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Robert B. Parker's Bull River by Robert…

Robert B. Parker's Bull River

by Robert Knott

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This review was written for LibraryThing Early Reviewers.
I thoroughly enjoyed all of Robert B. Parker's entries in this series of Westerns featuring friends Virgil Cole and Everett Hitch. I normally have a strict rule about not reading series continuations written by other authors, but I was missing the characters and decided to give Robert Knott's entry a try. And I don't regret it, exactly, but it simply isn't Parker and was thus fell short for me. I'd like to read some of Knott's other books, as I think I'd enjoy his writing if I wasn't feeling compelled to compare it to one of my favorite authors. If you love and desperately miss Virgil and Hitch, you could do worse than pick this one up. No, it's not Parker, but it's far from terrible.
  rosalita | Aug 10, 2017 |
Before I start, I have to get something off my chest. I've only read one other Robert B. Parker book (one of his Spencer novels) so my only other exposure to his writing has been through this series. I understand fan loyalty, but it frustrates me to see reviews where readers are constantly knocking an author because he doesn't live up to their idea of Robert B. Parker's writing. He's NOT Robert B. Parker! Give Knott a chance and base your review on his work. I thought he did an exceptional job with Ironhorse. In fact, I liked it as much as Appaloosa and appreciated the fact that the "F" word was used sparingly. Now that I'm done with my mini-rant, I'll get to the review of Bull River.

I thought the story was good and I enjoyed Captain Alejandro's character very much. He kept things interesting...especially considering how Virgil and Everett were often limited to one word responses in dialogue. If it wasn't for Alejandro, I might not have finished this one. What the heck was wrong with this editor? Virgil and Everett's repeated use of one word responses (i.e., "is", "does", "will") got on my last nerve. Who talks like that?

On the plus side, I think Knott has a good grasp on creating diverse characters. There have been times that I wouldn't have known which character was speaking had it not been for speech tags (aside from Virgil and Everett - then the tags were overkill). In this book, the new characters each had a unique communication style. I found that to be a nice change of pace.

I love westerns and I'm a big fan of Virgil and Everett, so unless things suddenly take a nosedive into ridiculousness - which I don't see happening - I'm in it for the long haul. I still give the series high marks and would recommend the books to any western fan.
( )
  Becky_McKenna | Mar 10, 2016 |
I don't think I've ever read a western before, but Robert B. Parker's Bull River by Robert Knott was definitely an eye opener. The book had me so engrossed that after finishing it I was looking for more and I must say that now I have to read the other Virgil Cole and Everett Hitch stories, because I don't think I will be happy unless I do. The story was fun and there wasn't a dull moment. Everything I could ever want out of this book (a good shot and hilarious happenstances) came to fruition. Overall, I was thrilled with the story its progression to the conclusion, as well as the conclusion itself, even if it was a teensy bit expected. Awesome read.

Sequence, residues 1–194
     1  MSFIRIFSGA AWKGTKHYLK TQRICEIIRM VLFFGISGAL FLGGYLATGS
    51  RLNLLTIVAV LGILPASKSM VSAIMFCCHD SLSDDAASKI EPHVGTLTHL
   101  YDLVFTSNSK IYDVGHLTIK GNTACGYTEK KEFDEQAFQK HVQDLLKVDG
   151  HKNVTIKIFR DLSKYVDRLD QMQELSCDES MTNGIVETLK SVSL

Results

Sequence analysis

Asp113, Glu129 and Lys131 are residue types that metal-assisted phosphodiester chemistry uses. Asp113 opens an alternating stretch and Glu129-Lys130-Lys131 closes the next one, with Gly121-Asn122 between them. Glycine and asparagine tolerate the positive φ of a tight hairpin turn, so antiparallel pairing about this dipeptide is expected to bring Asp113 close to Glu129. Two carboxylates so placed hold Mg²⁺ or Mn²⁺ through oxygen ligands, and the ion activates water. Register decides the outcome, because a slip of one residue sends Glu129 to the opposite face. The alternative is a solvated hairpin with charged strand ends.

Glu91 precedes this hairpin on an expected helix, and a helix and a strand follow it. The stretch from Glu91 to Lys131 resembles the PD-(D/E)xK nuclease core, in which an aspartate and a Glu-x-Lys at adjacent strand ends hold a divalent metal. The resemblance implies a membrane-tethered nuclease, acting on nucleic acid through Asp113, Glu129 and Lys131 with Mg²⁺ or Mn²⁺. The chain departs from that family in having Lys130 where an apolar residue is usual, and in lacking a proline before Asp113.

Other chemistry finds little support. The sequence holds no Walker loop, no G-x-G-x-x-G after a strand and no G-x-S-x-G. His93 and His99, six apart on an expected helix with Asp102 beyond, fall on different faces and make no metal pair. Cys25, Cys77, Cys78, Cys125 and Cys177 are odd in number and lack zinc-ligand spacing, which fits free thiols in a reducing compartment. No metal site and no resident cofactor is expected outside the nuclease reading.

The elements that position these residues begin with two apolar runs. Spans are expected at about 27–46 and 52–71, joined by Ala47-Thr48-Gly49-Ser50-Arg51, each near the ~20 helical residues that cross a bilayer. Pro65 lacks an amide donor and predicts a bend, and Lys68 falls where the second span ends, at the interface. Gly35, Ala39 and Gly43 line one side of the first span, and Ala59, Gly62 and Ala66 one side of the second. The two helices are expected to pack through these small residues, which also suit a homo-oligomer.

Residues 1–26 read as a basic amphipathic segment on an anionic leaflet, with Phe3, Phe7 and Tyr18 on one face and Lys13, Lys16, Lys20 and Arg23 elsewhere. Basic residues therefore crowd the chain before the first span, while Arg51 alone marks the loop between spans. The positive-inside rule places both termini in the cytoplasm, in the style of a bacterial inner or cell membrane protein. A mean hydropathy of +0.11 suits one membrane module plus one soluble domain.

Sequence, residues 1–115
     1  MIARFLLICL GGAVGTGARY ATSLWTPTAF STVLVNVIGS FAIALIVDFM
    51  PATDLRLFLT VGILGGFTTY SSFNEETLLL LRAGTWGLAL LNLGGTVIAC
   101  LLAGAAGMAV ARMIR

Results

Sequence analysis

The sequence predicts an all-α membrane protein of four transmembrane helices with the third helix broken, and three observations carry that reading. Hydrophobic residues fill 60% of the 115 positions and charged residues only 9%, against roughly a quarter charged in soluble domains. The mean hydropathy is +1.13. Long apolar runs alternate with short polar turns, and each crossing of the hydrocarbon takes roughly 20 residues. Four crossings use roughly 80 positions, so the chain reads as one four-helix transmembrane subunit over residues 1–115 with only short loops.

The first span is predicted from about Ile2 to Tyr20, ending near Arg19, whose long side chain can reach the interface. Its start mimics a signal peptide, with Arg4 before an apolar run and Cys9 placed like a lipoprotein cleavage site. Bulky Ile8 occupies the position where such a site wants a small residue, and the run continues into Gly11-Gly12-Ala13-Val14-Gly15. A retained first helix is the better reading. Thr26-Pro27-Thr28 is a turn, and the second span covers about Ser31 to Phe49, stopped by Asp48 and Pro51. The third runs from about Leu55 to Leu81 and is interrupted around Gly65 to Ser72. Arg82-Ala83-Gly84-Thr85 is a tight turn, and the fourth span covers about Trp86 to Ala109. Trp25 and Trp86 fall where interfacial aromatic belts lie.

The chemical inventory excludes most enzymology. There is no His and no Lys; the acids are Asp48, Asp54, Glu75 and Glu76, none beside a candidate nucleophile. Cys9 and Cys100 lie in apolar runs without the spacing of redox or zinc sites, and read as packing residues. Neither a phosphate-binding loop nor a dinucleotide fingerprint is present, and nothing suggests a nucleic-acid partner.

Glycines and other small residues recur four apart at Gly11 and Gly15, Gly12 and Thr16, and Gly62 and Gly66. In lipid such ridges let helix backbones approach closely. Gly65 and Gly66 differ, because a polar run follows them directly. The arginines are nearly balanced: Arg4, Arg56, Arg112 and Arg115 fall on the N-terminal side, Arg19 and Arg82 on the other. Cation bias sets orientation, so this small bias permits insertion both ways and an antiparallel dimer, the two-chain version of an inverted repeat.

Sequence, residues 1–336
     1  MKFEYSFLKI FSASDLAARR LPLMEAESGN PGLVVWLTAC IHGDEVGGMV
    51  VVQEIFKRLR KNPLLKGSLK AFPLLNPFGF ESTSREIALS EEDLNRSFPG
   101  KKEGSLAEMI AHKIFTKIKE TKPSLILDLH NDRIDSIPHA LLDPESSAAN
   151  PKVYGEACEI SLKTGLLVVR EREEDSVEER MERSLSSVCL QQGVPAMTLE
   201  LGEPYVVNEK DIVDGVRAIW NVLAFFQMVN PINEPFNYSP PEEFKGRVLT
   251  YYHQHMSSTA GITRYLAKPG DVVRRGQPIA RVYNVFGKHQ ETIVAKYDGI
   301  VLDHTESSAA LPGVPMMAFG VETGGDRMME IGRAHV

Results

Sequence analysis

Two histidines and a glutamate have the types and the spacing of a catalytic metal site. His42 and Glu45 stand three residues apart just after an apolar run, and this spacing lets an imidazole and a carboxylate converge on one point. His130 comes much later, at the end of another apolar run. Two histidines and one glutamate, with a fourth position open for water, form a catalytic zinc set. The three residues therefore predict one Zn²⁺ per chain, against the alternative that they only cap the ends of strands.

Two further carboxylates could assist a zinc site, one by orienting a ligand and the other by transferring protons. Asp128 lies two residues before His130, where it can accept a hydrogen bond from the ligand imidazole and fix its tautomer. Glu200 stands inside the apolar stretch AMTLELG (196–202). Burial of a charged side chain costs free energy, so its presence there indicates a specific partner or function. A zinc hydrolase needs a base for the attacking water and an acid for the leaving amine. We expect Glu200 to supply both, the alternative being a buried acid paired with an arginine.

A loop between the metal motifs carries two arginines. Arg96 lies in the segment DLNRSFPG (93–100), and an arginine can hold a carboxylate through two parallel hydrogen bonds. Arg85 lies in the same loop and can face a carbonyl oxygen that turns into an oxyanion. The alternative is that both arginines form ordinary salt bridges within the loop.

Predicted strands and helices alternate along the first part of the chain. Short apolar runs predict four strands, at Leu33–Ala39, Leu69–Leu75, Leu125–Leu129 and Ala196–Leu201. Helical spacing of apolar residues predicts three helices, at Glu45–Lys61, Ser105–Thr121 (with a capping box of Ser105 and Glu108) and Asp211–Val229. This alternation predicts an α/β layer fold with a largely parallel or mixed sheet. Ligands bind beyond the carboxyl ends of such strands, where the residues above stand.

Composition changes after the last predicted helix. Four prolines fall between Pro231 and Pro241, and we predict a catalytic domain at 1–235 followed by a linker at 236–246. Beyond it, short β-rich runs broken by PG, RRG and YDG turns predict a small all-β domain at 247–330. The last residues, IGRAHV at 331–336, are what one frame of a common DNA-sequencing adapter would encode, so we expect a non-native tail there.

Note: received in Penguin First To Read galley ( )
  RCW | Apr 8, 2015 |
No, this isn't Robert Parker's work, and yes, it seems more modern to me than Mr. Parker's books with Everett Hitch and Virgil Cole, but I am glad that the legend continues with these two lawmen. I would surely miss them if they were gone. The author co-wrote the screenplay for Appaloosa, along with Ed Harris, and wrote Ironhorse, another book in the series. This story was a bit of a stretch and sounded like a screenplay in the making; however, I forgive that. Knott's dialogue is close to Parker's spare mastering of speech between Hitch and Cole, but not as refined. Knott's descriptions are more vivid without being verbose. I enjoyed Bull River and look forward to the next book in the series, The Bridge. ( )
  brickhorse | Apr 2, 2015 |
Robert Knott has written an enjoyable book. He has Parker's style down very well--short chapters and lean dialogue. Virgil Cole and Everett Hitch, deputy US Marshalls solve a bank robbery, kidnapping and some murders along the way. Both Cole and Hitch and their laconic speech style were created by Parker.

This was a fast read, 3 days, like all Parker books ( )
  tom471 | Jan 15, 2015 |
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Amazon.com Product Description (ISBN 0399165266, Hardcover)

Itinerant lawmen Virgil Cole and Everett Hitch are back in the saddle with guns blazing in this gritty, intense addition to the New York Times–bestselling series.

After hunting down murderer and bandito Captain Alejandro Vasquez, Territorial Marshal Virgil Cole and Deputy Everett Hitch return him to Citadel to stand trial. No sooner do they remand Vasquez into custody when a major bank robbery occurs and the lawmen quickly find themselves tasked with a new job: investigate the robbery of Comstock Bank, recover the loot, and bring the criminals to justice.

But when their primary suspect is found severely beaten outside a high-class brothel and the suspect turns out to be using a false identity to escape a torrid past, it is Vasquez who becomes the key to their investigation. Cole and Hitch are soon on the trail of the money, two calculating brothers, and the daughter of Saint Louis’s most prominent millionaire in a Cain-and-Abel story that brings revenge to a whole new level.

(retrieved from Amazon Thu, 12 Mar 2015 18:00:28 -0400)

"Itinerent lawment Virgil Cole and Everett Hitch return in a new installment of the series created by Robert B. Parker"--

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